“According to the old tradition, the prophet Isaiah was sawn asunder. Of the truth of the tradition we cannot be sure, but we know that one of the earliest feats of the Higher Criticism was to perform the like operation upon his prophecy. So much is the theory of a divided prophecy gaining ground, that no one must make any pretension of scholarship if he hesitates to accept the double authorship of Isaiah. From chapter xl. to the close was written, we are told with tiresome iteration, not by Isaiah, but by a prophet of the exile – the Great Unknown. By the way, it is remarkable how many unknown great men flourished among the Jews, and remained unknown to their posterity, until, in these enterprising days, the Higher Critics arose and discovered them, brought them into light with the exception of their names.”
Explore The Book
Such so called higher criticism, which sets itself against the plain testimony of scripture itself is a monument to man’s pride:
“Professing to be wise, they became fools,” (Rom 1:22 NKJV)
The Language of the Old Testament - HEBREW
The Hebrew language has vividness, conciseness and simplicity that is difficult to translate fully. It typically takes twice as many English words to translate Hebrew.
In their book A general Introduction to the Bible, Norman Geisler and William Nix describe this beautiful language this way:
“It is a pictorial language, speaking with vivid, bold metaphors which challenge and dramatize the story. The Hebrew language possesses a facility to present ‘pictures’ of the events narrated. ‘The Hebrew thought in pictures, and consequently his nouns are concrete and vivid. There is no such thing as neuter gender; for the Semite everything is alive. Compound words are lacking. There is no wealth of adjectives.…’ The language shows ‘vast powers of association and, therefore, of imagination.’ Some of this is lost in the English translation, but even so, ‘much of the vivid, concrete, and forthright character of our English Old Testament is really a carrying over into English of something of the genius of the Hebrew tongue.’ As a pictorial language, Hebrew presents a vivid picture of the acts of God among a people who became examples or illustrations for future generations (cf. 1 Cor 10:11). The Old Testament was intended to be presented graphically in a ‘picture-language.’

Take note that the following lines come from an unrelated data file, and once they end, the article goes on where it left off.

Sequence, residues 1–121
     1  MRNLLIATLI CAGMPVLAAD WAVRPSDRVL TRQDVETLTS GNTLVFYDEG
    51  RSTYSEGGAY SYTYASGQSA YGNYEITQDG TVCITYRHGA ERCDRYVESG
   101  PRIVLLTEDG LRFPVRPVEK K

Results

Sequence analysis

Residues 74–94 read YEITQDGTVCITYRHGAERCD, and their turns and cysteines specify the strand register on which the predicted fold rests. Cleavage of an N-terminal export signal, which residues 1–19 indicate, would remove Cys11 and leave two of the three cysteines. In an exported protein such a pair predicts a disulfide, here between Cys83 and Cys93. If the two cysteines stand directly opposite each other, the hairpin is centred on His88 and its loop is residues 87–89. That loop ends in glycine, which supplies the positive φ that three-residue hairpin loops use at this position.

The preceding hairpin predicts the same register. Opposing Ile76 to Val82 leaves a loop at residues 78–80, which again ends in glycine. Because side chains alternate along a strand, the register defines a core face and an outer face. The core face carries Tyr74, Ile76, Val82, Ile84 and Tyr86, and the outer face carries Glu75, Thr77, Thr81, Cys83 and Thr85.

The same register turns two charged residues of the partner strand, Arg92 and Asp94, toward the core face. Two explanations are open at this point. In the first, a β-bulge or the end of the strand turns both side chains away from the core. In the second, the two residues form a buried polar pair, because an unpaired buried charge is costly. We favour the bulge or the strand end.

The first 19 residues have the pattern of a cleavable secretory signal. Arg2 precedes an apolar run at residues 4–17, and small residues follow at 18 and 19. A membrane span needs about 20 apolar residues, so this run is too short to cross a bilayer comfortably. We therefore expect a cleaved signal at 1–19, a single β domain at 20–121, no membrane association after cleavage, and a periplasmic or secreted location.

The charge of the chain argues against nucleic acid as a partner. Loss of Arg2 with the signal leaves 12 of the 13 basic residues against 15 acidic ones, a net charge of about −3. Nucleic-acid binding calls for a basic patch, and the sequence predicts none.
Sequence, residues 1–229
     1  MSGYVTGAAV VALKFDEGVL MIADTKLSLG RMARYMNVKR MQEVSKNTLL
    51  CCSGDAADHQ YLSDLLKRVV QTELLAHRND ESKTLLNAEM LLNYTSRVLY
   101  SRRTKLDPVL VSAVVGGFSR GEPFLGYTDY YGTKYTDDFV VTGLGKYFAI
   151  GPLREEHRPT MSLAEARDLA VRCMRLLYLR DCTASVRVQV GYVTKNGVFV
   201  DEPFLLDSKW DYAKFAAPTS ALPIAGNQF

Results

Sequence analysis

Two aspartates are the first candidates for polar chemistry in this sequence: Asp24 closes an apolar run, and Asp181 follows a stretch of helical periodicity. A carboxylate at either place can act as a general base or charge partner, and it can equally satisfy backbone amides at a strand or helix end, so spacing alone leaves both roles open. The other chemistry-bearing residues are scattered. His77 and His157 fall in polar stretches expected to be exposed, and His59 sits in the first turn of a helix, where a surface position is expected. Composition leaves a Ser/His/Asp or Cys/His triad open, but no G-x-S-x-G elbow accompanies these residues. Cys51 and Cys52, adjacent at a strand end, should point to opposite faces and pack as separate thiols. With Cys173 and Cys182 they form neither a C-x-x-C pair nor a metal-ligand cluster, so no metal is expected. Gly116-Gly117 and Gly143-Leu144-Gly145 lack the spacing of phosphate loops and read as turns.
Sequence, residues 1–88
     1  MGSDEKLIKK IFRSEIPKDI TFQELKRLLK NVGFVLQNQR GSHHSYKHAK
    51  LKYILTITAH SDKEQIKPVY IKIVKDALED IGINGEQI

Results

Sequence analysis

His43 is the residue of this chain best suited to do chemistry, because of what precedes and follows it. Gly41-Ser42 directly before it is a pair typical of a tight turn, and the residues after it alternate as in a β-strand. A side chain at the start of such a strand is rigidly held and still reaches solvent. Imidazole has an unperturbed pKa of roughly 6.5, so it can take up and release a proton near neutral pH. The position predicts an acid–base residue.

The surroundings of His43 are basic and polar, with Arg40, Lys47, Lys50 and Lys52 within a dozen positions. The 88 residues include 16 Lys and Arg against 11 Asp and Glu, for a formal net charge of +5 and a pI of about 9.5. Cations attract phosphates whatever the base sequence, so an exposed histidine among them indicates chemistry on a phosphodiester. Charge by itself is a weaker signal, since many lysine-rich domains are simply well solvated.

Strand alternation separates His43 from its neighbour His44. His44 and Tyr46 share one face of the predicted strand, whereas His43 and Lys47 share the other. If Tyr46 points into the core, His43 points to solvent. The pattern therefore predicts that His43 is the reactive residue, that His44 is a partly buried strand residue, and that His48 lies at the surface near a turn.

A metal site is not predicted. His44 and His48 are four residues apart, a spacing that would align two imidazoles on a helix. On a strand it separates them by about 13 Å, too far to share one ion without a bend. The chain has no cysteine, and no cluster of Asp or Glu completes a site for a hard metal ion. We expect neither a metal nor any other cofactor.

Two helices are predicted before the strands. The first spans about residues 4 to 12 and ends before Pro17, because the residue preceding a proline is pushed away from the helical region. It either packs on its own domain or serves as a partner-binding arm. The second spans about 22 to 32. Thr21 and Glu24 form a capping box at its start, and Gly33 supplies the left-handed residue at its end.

Further, Hebrew is a personal language. It addresses itself to the heart and emotions rather than merely to the mind or reason. Sometimes even nations are given personalities (cf. Mal 1:2,3). Always the appeal is to the person in the concrete realities of life and not to the abstract or theoretical. Hebrew is a language through which the message is felt rather than thought. As such, the language was highly qualified to convey to the individual believer as well as to the worshiping community the personal relation of the living God in the events of the Jewish nation. It was much more qualified to record the realization of revelation in the life of a nation than to propositionalize that revelation for the propagation among all nations.”
Furthermore, Chuck Missler notes in his excellent study, ‘The Bible In 24 Hours’ that the Hebrew language is conceptual. The letters themselves carry meaning, not just indications of sounds.
The example He gives is from the fist two letters of the Hebrew Alphabet:
Aleph = “First”; “Strength”; or “Leader.”
Bet = “House”; “Family” (Beth-lehem; Beth-El; etc.)
Aleph-Beth together therefore would imply the meaning, “Leader of the House” or “Father”
The letter Heh = “Behold”; “Revealed”. It also speaks of “Breeze”; “wind;” “Spirit.” Spirit being the essence or centre of something.
If we place the Heh into aleph-beth we get the word ‘Ahab’ revealing the heart or essence of the Father… The Hebrew word ‘Ahab’ is the Hebrew word for ‘Love’.
This amazing language is the one our Father chose to express His overflowing heart to mankind!
The Old Testament manuscripts from which our Bibles derive
We do not possess any of the original manuscripts written by Moses or the other prophets and scribes, only copies of them. In fact, until the discovery of the Dead Sea scrolls, the earliest complete copy of the Hebrew scriptures was dated about 900AD. This meant that there was a gap of 1300 years between the completion of the Old Testament canon in 400BC and the most recent copy of those manuscripts.
Closer examination of the facts however, would cause any serious investigator to consider the ancient manuscripts of the Bible in a different way to other ancient literature.
The Talmudists (AD 100-500)
Willmington records details concerning the care and copy of the Scriptures in his ‘Guide to the Bible’ page 823):
During this period of history, great care and interest was taken in copying the sacred scrolls. An intricate system for transcribing the synagogue scrolls was devised. What follows are some of the minute regulations outlined in the Talmud:
1. The parchment had to be made from the skin of a clean animal, prepared by a Jew only, and was to be fastened by strings from clean animals.
2. Each column must have no less than forty-eight or more than sixty lines.